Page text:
That the basic organization of modern flexor circuits predates the evolutionary emergence of extensor circuits further implies that the generation of flexor-like pattern can occur without opponent input from extensor premotor circuits. This view agrees with the subordinate nature of extensor pattern generation suggested by certain observations. Notably, locomotor firing in mice and cats is subject to brief and sporadic periods of quiescence, termed “deletions,” that persist for several cycles. Flexor burst deletions are accompanied by tonic extensor motor neuron firing, whereas flexor motor neuron bursting continues unabated during extensor burst deletions (Duysens, 1977, 2006; Zhong et al., 2012). Other studies have indicated that the rhythm of locomotor firing may be determined by populations of interneurons that burst exclusively in flexor phase and, in turn, drive pattern-forming circuits (Brownstone and Wilson, 2008; Pearson and Duysens, 1976), which could at least partly explain how flexor dominance is imposed. Taken together with our findings, these results suggest that the late addition of extensor pattern, coupled with the need for flexor-extensor coordination, led to an asymmetric dependence in pattern-generating circuits, with flexor circuits having a dominant role.
Genetic studies have shown that locomotor firing persists after the loss of any single cardinal interneuron population (Crone et al., 2008; Gosgnach et al., 2006; Lanuza et al., 2004; Zhang et al., 2008), suggesting that the generation of locomotor firing can be achieved through a diverse array of interneuron network architectures. In addition, modeling studies have shown that locomotor-like activity patterns can be read out from neural networks permitted considerable flexibility in their connectivity, as long as the network outputs are weighted appropriately (Sussillo and Abbott, 2009). In this context, and with a new emphasis on motor neuron recognition, it is conceivable that interneuronal connectivity in locomotor circuits is only weakly constrained, whereas output connections onto motor pools are precisely specified.
All experiments and procedures were performed according to NIH guidelines and approved by the Institutional Animal Care and Use Committee of Columbia University.
Motor neurons were retrogradely labeled in vivo at P1–P3 via intramuscular injections of cholera toxin B subunit conjugated to Alexa 555 or 647 (CTB; Life Technologies) (Sürmeli et al., 2011).
Spinal cords were removed from mice, aged 2–5 days postnatal, and submerged in artificial cerebrospinal fluid (ACSF) held at constant temperature (24–25°C). Suction electrode recordings were simultaneously obtained from multiple ventral roots. Ca2+ transients were measured from GCaMP3-expressing LMC motor neurons in a single segment while the corresponding ventral root was antidromically stimulated to evoke motor neuron activity, enabling the calibration of the model of spike-related fluorescence fluctuations we used for spike inference. Subsequently, locomotor firing was induced by adding a cocktail of rhythmogenic agonists to the ACSF (5 μM NMDA, 10 μM 5-HT, 50 μM DA). Starting 1 hr later, we collected fluorescence image sequences throughout the imageable extent of the LMC.
An Ultima microscope (Prairie Technologies) with a 20× objective (1.0 numerical aperture, 2 mm working distance; XLUMPLFLN, Olympus) was used to acquire all fluorescence images (256 x 256 pixels/frame). GCaMP3 was excited using a Chameleon Ultra II laser (Coherent) tuned to 940 nm and, in 17 of 19 preparations, raster scanned across the preparation at 60 Hz using a resonant galvanometer. These signals were downsampled to 15 Hz to increase the signal-to-noise ratio. In 2 of 19 preparations, the laser was scanned at 8 Hz with conventional 6 mm galvanometers in a spiral trajectory. GCaMP3 emission was collected using a GaAsP photomultiplier tube (Hamamatsu; 525/50 emission filter).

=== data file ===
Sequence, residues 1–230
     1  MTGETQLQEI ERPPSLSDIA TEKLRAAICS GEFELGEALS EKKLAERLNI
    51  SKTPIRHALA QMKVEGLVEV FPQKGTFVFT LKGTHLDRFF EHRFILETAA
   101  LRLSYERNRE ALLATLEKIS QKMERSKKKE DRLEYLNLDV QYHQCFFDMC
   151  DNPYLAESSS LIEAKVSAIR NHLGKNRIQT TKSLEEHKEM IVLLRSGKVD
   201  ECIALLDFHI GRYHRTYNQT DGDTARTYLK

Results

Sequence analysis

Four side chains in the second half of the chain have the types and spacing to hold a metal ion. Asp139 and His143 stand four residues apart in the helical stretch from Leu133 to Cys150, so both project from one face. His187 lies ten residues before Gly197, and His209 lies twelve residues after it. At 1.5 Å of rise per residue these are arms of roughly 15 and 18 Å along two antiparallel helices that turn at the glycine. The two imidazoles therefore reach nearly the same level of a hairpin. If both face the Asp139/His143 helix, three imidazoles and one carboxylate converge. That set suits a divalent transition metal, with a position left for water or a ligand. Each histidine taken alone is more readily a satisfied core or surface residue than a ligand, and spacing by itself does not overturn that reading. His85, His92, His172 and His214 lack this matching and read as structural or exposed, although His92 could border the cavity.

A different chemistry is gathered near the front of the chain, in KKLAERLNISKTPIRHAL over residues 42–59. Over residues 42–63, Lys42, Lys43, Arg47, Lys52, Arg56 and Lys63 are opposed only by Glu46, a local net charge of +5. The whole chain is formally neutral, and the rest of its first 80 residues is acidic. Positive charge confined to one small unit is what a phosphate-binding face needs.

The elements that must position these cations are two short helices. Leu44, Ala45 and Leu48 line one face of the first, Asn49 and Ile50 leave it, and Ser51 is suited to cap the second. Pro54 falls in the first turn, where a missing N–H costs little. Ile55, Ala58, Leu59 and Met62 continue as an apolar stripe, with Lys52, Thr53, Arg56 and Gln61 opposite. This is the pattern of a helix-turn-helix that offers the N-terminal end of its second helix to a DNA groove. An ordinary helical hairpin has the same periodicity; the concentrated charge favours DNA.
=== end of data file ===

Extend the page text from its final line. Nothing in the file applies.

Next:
The centroids of motor neuron somata were manually defined in ImageJ and used to demarcate a preliminary region of interest (ROI) around each soma. These ROIs were further refined using automated MATLAB scripts to include only those pixels likely to arise from each soma. Time series of ROI-averaged fluorescence fluctuations (ΔF/F) were processed using a spike inference algorithm. Phase-tuning values were computed relative to peaks in simultaneously obtained ventral root recordings using inferred spiking activity.
We are grateful to D. Wu for assistance with mouse genotyping; M. Mendelsohn and N. Zabello for animal care; H. Tucker for the conditional FoxP1 strain; Y. Ivanenko for advice about analysis; and B. Han, K. MacArthur, S. Morton, and I. Schieren for technical assistance. We thank G.Z. Mentis for the custom-built recording stage used in the electrophysiology experiments and for advice about experimental approaches. We are grateful to R. Axel, E. Azim, J. Bikoff, R. Brownstone, S. Druckmann, A. Fink, A. Karpova, A. Murray, and J. de Nooij for helpful comments on the work and manuscript. T.A.M. was supported by the NSF Graduate Research Fellowship Program. L.P. was supported by DARPA W91NF-14-1-0269, ARO MURI W911NF-12-1-0594, NSF CAREER award IOS-0641912, and Simons Foundation Global Brain Research Award 325398. T.M.J. was supported by NIH grant NS033245, the Harold and Leila Y. Mathers Foundation, and Project A.L.S. and is an investigator of the Howard Hughes Medical Institute. A.M. is a Howard Hughes Medical Institute Fellow of the Helen Hay Whitney Foundation.
AUTHOR CONTRIBUTIONST.A.M. and T.M.J. devised the project. T.A.M., T.M.J., and A.M. designed experiments. T.A.M constructed experimental apparatus, performed the experiments, and wrote core data processing scripts. T.A.M. and A.M. analyzed data. T.A.M., E.P., L.P., and A.M. developed data analytical techniques. E.P and L.P. contributed unpublished spike inference algorithms. T.A.M., T.M.J., and A.M. interpreted data and wrote the manuscript.